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August 22, 2004 

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Your Advocate

Q: We often hear about human rights. I have attended a number of seminars on human rights and listened to many speakers talking on human rights. I must confess I could not gather a clear conception about what human rights exactly is. I do not understand which right enjoyed by human is not human right. I think any and every right of a human is human right. Then again there are concepts of 'fundamental human rights' and ''fundamental rights'. I need your comments by way of clarifications.
-Choudhury Areff Rahman, Sylhet.

Your Advocate: The intelligent among men are those who know that they do not know. The legal phraseologies you have referred to be really technical in nature and it is natural that their technical import may not be clear by mere attending seminars or symposiums unless you have had a close study on the subject. I do not claim I have extensive study on the subject beyond the little I needed for my profession. Well, I can share my professional experiences with you.

Human rights as a discipline is relatively of recent origin. It is theoretically a complex question to be explored in an interdisciplinary inquiry. Human rights are seen by many academic writers as 'those moral rights, which are owed to each man or woman by every man and woman solely by reason of being human'. Maurice Craston described human rights as 'being the rights of all people at all times at all situations'. This bears a sense, which comes closer to your idea. Human rights as a modern concept has found its origin in the wake of Second World War. Horror of war and boundless sufferings of mankind in the two world wars gave rise to the desire to protect human rights with a realisation that denial of human rights was a potent cause of injustice and strife. Tension of strife-situation and unrest of diverse nature which was making inroads into the different societies and shared concern for protection of citizens against gross violation of fundamental freedoms by the states in the god-like justifications of 'state security', 'public safety', 'national economy', 'law and order' and so on led the international community to take measures for protection against violation of basic human rights and fundamental freedoms. The contemporary search for general international norms and insistence on a universal common standard of human rights particularly of fundamental human freedoms and their legal protection brought about a profound change in the underlying jurisprudence of international law which may fairly be called a revolution. The formal outcome of this revolution is a detailed code of international law which spells out the rights of individual that protect their rights and fundamental freedom as against their own states and the world at large. The code calls these rights "human rights".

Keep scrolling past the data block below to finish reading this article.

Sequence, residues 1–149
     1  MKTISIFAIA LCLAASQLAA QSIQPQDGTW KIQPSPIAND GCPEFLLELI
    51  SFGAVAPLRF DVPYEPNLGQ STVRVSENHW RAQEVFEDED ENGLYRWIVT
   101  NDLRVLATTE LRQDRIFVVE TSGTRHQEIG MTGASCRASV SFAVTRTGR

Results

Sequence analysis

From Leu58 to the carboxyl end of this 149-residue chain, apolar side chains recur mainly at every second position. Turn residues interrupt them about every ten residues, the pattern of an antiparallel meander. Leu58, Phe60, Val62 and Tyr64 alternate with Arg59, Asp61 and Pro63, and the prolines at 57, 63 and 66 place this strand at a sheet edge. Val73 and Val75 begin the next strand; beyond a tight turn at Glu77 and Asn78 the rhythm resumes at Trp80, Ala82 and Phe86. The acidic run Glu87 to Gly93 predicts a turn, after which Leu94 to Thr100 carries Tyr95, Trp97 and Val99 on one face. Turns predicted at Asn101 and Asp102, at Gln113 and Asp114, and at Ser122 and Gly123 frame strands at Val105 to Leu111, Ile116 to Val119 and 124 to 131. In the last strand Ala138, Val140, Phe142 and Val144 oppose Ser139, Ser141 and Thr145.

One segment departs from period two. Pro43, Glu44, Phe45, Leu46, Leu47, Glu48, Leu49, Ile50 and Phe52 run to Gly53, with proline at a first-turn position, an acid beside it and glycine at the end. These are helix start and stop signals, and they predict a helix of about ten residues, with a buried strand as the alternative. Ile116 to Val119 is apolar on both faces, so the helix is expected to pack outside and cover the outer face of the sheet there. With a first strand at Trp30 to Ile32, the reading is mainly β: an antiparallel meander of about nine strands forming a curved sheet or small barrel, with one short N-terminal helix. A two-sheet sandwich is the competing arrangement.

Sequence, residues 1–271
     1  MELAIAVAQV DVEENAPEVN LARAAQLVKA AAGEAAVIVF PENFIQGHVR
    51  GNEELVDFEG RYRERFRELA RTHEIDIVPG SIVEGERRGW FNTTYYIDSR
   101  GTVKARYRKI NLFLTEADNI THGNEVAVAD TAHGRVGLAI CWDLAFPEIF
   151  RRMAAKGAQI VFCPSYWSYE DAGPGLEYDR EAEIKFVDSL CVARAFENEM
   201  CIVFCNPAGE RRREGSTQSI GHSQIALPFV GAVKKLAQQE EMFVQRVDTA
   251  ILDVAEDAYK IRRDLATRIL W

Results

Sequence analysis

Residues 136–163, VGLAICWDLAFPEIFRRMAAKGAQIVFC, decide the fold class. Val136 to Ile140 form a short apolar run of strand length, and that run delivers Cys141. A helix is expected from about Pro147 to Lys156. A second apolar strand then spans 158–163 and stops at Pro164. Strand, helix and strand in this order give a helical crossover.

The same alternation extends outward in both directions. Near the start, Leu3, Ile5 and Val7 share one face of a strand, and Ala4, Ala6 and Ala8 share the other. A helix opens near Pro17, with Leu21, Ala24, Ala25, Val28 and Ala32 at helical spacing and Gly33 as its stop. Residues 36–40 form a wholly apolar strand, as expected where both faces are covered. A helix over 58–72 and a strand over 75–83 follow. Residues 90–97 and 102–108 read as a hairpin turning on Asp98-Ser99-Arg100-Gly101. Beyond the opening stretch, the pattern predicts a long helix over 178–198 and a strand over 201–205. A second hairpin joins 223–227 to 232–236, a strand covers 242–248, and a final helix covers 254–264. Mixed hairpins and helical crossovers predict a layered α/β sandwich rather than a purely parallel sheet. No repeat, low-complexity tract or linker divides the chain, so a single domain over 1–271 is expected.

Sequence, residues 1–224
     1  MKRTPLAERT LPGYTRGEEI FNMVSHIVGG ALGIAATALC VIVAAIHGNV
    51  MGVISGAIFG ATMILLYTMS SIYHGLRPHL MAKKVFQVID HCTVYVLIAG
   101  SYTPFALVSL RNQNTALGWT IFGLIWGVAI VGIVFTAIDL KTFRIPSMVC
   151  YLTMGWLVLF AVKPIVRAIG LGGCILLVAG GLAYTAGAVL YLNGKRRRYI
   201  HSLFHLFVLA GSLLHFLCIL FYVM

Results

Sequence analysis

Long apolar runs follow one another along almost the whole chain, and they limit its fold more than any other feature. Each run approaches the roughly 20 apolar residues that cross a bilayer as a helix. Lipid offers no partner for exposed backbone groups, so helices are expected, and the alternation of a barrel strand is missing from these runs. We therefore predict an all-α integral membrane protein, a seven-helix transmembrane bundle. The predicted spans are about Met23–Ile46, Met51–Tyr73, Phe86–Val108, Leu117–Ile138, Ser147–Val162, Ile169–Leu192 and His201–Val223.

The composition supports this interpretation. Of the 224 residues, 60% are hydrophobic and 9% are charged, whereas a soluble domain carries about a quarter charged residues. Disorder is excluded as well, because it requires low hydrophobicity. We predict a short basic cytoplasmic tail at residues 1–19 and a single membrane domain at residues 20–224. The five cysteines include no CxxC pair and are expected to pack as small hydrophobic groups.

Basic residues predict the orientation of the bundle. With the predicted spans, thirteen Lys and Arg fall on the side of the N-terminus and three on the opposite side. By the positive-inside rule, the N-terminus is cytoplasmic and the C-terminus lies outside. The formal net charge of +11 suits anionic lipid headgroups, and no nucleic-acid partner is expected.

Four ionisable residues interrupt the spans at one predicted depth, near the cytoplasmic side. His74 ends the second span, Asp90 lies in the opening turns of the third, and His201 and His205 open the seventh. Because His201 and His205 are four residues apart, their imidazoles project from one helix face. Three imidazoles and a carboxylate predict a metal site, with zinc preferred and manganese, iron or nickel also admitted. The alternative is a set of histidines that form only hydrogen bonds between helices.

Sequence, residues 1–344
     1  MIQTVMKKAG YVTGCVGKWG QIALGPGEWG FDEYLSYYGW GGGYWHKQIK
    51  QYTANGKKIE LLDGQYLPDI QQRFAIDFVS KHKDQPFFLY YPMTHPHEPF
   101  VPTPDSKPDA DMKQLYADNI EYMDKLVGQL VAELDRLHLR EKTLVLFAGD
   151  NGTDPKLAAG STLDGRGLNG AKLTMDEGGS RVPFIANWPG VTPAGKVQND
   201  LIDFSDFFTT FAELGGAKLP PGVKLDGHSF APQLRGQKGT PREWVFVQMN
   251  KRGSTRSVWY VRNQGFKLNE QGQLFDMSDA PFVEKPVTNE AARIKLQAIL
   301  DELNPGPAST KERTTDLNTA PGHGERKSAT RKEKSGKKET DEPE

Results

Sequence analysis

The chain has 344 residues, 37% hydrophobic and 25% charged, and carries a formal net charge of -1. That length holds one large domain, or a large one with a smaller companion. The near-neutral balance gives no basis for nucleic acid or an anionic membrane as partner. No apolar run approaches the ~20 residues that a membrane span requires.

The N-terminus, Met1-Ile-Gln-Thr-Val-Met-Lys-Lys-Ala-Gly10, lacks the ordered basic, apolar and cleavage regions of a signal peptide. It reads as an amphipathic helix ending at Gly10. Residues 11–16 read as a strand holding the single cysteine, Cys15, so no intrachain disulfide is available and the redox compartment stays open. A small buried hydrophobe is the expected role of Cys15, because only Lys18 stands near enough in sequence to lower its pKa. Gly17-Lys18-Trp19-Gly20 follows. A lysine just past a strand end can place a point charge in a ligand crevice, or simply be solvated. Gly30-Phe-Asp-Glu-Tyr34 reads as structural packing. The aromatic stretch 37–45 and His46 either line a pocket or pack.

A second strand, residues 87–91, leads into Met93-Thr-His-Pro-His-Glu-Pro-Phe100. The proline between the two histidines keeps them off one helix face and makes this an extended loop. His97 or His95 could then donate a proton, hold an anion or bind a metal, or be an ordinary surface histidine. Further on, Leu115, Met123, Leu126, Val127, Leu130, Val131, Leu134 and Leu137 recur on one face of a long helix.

The UN General Assembly laid down the foundation of this task by adoption of the Universal Declaration of Human Rights on 10th December 1948. The underlying premises of the declaration was that all human beings are born free and equal in dignity and endowed with reason and conscience and should act towards one another in an spirit of brotherhood. A number of substantive rights are set out ranging over political rights, civil and economic rights, social and cultural rights. They include right to life and liberty, protection against arbitrary arrest, detention or exile, freedom of religion and conscience, freedom of _expression and association, freedom of movement and protection of legal systems, including right to fair trial. Also protected are the political rights of free and equal franchise and an elected government and an equal access to public services. The declaration was a resolution of the UN, not in itself binding on the member states. Later two covenants: The International Covenant of civil and Political Rights (ICCPR) and The International Covenant on Economic, Social and Cultural Rights (ICESCR) were brought into being to give effect to the declaration. It is the two Covenants that one normally turns to find obligations as regards human rights binding on the member states particularly because of their precise language and special machinery each Covenant established for the supervision and enforcement of their provisions. The Universal Declaration and the Covenants are referred to as 'International Bill of Rights".

The precise and compelling words of international instrument of human rights have inspired many state constitutions together with regional human rights treatise and examples of legislation quoting or reproducing provisions of the Declaration. Bangladesh constitution has enumerated a series of those rights and freedoms under its fundamental rights chapter enforceable under Article 102 of the Constitution. Development of human rights jurisprudence has, therefore, taken place in a restricted sense. Technically human rights conform the basic rights enumerated in the human rights instruments negotiated under the auspices of the UN. 'Fundamental rights' are also human rights enumerated as such in our Constitution and are enforceable under law. This does not mean human rights are confined to the rights enumerated by the UDHR or fundamental rights laid down by our Constitution. In its generic sense, human rights as Craston maintained, are all rights that every man and woman owes to every man and woman as human.

Your advocate M. Moazzam Husain is a lawyer of the Supreme Court of Bangladesh. His professional interests include civil law, criminal law and constitutional law.

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